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Read the full text of The Merry Wives of Windsor with a side-by-side translation HERE.
Sir John Falstaff has rolled into the town of Windsor, England, with his posse of "cony-catching rascals" and he's at it again. (What's that? You haven't met Falstaff, yet? No problem. Allow us to introduce you. He's the "fat," jolly knight who spends 99% of his time eating, boozing, thieving, "whoring," and causing mayhem in Henry IV Part 1 and Henry IV Part 2.)
When we catch up with Falstaff in this play, he's completely broke, which has put quite a damper on his rock-star lifestyle. But Falstaff's got a plan. He'll put the moves on a couple of rich housewives named Mistress Ford and Mistress Page (i.e., the "merry wives" of Windsor). The housewives have total access to their husbands' money so Falstaff thinks he can solve all his financial troubles by luring them into bed with a couple of super-steamy (okay, super-cheesy) love notes.
Since Falstaff's such a busy guy, the love notes are identical except that one says "Dear Mistress Page" and the other says "Dear Mistress Ford." There's just one hitch. Mistress Page and Mistress Ford are BFFs, which means they tell each other EVERYTHING. When they find out that Falstaff has sent them identical letters, they're seriously offended that (1) Falstaff just assumes they'll cheat on their husbands and (2) Falstaff has sent them the same, ridiculous letter.
Our "merry wives" hatch a plot to teach Falstaff a lesson he won't forget. They pretend to like him and invite him over for a secret rendezvous with Mistress Ford while her husband is away. To complicate matters, Falstaff's frenemies, Pistol and Nim, have decided to rat out Falstaff to the women's husbands. Master Page trusts his wife and couldn't care less about Falstaff but, Master Ford is crazy jealous.
Ford assumes his wife will get down and dirty with Falstaff since all women are liars and cheats, so he disguises himself as a guy named "Brooke" and becomes Falstaff's newest drinking buddy. When "Brooke" offers Falstaff a boatload of money to help him seduce Mistress Ford, Falstaff takes it and tells "Brooke" that, actually, he's going to hook up with Mistress Ford when her husband's away from home.
Meanwhile, over in the B-plot, the Pages' teenage daughter Anne has three guys (Slender, Caius, and Fenton) falling all over themselves to marry her because she's (1) rich, (2) still a virgin, and (3) smokin' hot. (In that order.)
Back to the main plot. Soon enough, Falstaff shows up at Mistress Ford's house looking to score. When Master Ford comes home, the wives stash the "fat" knight in a basket of stinky laundry that hasn't been washed in months and then dump it—and him—into the Thames River. Punk'd!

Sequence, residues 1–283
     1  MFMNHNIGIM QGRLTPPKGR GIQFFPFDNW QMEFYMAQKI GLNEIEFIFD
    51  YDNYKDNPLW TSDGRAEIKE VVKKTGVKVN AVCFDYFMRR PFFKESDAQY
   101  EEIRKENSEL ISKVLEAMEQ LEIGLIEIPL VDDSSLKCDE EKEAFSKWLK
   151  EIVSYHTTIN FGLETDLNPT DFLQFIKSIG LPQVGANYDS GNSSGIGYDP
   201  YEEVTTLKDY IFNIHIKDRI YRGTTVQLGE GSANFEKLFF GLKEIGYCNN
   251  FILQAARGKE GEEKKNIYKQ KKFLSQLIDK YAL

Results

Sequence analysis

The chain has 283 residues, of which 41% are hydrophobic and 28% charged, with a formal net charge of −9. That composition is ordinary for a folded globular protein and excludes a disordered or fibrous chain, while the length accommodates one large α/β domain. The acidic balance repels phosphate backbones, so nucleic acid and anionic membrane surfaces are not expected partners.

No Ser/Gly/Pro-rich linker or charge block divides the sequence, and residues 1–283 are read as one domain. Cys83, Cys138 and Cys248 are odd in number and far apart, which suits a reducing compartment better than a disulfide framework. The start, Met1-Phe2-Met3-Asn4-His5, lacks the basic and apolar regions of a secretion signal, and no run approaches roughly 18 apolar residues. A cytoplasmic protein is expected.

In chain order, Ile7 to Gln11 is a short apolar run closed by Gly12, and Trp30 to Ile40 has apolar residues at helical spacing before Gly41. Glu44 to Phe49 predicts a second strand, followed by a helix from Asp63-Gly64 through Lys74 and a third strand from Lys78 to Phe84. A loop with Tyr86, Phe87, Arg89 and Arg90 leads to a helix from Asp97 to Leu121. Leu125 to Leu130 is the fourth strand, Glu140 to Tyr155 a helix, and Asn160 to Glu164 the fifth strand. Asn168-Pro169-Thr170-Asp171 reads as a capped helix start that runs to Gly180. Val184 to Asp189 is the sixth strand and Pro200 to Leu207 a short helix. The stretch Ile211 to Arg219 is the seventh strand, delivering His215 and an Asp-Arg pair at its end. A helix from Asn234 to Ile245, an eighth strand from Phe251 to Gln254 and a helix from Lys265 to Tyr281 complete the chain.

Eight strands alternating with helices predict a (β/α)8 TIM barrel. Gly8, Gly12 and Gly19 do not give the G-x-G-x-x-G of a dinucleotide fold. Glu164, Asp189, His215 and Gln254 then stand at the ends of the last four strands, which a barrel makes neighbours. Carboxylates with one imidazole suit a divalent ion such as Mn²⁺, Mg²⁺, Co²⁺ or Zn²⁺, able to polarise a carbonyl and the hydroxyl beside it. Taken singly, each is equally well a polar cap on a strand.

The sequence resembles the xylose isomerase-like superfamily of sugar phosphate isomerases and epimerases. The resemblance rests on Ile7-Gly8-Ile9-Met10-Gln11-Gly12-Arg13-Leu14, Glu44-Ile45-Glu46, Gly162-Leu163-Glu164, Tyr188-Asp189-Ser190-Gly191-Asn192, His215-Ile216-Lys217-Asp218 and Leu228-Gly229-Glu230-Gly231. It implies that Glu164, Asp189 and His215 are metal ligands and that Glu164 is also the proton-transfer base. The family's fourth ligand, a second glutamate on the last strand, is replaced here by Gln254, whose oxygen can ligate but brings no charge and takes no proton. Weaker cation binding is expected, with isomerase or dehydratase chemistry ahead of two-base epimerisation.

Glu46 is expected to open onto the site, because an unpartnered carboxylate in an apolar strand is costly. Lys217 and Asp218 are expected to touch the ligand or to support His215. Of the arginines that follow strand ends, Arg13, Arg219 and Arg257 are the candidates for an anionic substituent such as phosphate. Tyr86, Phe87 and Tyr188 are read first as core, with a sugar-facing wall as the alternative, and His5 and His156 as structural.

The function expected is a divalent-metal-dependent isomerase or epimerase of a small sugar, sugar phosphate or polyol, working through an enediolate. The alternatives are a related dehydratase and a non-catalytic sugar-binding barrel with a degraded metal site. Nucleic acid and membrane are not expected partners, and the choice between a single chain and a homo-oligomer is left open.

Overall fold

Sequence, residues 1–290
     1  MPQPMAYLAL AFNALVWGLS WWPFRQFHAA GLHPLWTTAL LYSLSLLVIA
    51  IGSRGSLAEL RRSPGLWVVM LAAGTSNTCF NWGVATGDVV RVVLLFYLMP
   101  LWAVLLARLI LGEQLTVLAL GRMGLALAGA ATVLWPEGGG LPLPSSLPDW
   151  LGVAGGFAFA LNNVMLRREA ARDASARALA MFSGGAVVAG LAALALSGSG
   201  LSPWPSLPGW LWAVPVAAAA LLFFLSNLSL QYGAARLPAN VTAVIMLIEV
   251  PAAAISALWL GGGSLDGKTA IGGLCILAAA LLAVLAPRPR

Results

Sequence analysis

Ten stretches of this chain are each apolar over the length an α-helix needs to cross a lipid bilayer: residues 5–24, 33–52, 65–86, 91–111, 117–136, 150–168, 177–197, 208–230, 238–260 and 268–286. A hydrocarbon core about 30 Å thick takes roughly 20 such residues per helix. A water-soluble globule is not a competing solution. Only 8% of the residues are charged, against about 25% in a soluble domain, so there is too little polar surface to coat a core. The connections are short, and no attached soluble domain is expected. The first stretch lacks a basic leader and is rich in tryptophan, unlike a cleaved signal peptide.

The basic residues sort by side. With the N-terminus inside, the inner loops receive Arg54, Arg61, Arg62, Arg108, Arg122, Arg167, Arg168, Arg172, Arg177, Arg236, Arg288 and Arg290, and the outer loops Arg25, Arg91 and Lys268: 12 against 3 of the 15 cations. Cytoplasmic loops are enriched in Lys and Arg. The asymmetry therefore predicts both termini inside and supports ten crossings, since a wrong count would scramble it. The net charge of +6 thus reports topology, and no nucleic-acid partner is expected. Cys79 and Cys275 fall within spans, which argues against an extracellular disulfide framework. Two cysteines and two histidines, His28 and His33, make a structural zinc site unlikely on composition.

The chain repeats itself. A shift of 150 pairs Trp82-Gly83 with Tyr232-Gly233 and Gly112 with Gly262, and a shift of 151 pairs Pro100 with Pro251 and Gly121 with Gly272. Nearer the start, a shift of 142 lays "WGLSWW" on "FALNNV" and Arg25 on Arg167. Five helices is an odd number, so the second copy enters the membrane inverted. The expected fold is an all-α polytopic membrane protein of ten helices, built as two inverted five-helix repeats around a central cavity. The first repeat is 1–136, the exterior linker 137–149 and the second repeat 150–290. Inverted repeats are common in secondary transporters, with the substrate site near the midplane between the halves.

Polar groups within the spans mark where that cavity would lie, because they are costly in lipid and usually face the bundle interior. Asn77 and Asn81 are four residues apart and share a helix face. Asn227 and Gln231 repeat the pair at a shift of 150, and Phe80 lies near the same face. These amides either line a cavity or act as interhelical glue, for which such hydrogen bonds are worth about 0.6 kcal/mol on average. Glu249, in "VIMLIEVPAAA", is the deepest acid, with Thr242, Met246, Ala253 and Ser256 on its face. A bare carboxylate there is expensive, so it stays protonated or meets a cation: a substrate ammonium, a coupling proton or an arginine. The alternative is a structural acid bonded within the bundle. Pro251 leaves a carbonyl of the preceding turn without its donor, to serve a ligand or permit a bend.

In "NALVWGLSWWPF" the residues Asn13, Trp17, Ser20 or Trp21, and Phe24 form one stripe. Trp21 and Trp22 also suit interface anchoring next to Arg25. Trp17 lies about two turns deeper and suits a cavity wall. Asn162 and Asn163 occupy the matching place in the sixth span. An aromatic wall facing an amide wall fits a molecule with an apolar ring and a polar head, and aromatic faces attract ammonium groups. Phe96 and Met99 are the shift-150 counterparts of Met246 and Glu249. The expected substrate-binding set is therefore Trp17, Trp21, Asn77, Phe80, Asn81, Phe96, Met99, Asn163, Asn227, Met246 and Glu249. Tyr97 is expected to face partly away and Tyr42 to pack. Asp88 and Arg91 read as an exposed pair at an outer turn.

It's so much fun that our merry wives lure Falstaff back to the Ford house a second time. When Master Ford shows up (again), the wives disguise Falstaff as a local "witch" named "the old woman of Brentford." Master Ford goes nuts and beats "her" black and blue. The women think this is absolutely hilarious and let their husbands in on their little joke, which makes Master Ford all apologetic.
Now the couples get together to hatch a new plot. The plan is to get Falstaff to wear a silly costume ("Herne the Hunter") and have him meet them at the old haunted oak tree. Then, a bunch of townspeople and local kids dressed up as creepy little fairies will jump out of the bushes and terrorize him.
Got all that? Okay, good. This is where Shakespeare ties in his subplot to the main action of the play. Master Page tells Slender to elope with Anne on the same night, and tell him that's he'll be the "fairy" dressed in white. Mistress Page tells Caius the same thing, except that Anne will be the "fairy" dressed in green. Way to pimp out your daughter, guys.
Everything seems to be going as planned. Falstaff is terrified, and Caius and Slender each run off with green and white fairies. Falstaff tries to run away from the fairies but, before he can get away, Ashton Kutcher runs out and shoves a video camera in Falstaff's face.
Just kidding. The Fords and the Pages run out and confront him. Falstaff knows he's been had so he admits that he's been made into an "ass" and all is forgiven.
Just as we're wondering what happened to Caius and Slender, they both show up with two boys in green and white fairy costumes, griping about almost getting accidentally hitched to a couple of kids. Then Anne and Fenton show up and are all "Fooled you! We're married and there's nothing you can do about it." The Pages have a good-natured laugh about the whole thing and invite everyone back to their house for a wedding feast.